7. Thousands of people died after drinking tainted alcohol.

Bootleggers who were savvy and creative produced millions of gallons “bathtub Gin” and rotgut moonshine in Prohibition. The nefarious hooch was known for its well-known taste that was sour and anyone who was who were compelled to consume it were at risk of being blinded or even poisoned. The most dangerous tinctures were made up of industrial alcohol, originally designed for use in fuels as well as medical equipment. The federal government had ordered companies to denature industrial liquor in order to make it drink-safe in the year 1906, however during Prohibition it required them to include methyl alcohol, quinine and other poisonous chemicals as a way to deter. Together with the other cheap products offered by bootleggers, this booze with a tainted taste could have killed over 10,000 people prior to it was wiped out by the 18th Amendment.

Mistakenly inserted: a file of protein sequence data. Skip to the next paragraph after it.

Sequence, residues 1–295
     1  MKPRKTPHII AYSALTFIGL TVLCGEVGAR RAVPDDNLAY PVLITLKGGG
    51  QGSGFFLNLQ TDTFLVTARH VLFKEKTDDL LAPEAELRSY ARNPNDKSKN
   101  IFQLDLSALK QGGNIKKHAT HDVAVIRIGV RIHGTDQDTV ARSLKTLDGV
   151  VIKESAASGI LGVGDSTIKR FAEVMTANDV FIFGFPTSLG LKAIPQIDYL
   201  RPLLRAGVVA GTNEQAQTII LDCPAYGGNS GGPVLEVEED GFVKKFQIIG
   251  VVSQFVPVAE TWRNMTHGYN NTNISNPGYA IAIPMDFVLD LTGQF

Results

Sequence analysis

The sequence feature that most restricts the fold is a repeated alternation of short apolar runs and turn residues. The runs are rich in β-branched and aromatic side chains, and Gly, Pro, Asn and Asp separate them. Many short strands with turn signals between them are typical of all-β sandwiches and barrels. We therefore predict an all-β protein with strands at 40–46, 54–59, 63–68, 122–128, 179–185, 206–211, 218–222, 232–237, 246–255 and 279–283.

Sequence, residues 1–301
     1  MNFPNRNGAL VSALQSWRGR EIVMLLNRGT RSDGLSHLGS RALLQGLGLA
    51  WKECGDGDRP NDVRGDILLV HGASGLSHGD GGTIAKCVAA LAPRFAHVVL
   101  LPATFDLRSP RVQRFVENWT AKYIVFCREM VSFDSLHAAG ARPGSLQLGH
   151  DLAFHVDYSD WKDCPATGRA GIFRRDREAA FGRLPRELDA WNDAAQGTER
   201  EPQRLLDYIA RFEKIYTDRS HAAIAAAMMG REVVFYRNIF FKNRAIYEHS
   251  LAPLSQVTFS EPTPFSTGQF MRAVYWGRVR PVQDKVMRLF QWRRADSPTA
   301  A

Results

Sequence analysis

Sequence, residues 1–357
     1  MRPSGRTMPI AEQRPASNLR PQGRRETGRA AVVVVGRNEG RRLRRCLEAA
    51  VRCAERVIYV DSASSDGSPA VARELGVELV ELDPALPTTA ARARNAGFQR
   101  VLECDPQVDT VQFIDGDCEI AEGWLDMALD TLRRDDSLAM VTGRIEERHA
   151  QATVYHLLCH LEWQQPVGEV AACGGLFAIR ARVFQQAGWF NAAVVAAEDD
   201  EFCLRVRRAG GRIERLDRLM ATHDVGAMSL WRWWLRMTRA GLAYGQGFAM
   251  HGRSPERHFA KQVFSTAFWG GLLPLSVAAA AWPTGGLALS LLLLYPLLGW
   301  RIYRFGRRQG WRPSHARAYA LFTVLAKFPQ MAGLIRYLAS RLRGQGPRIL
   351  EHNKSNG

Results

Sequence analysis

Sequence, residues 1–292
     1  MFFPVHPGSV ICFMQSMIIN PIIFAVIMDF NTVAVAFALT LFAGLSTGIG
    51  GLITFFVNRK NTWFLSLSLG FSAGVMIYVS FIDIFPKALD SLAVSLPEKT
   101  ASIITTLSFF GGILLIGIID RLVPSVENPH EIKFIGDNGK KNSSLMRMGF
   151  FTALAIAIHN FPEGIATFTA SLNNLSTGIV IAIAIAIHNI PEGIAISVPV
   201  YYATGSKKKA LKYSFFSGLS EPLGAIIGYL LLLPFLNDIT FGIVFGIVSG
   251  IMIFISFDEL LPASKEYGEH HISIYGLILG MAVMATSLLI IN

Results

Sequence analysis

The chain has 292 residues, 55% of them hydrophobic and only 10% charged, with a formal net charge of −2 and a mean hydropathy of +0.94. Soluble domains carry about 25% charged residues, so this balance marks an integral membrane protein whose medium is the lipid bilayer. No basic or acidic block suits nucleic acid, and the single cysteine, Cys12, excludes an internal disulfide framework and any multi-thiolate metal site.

8. The Great Depression helped fuel calls for an end to the ban.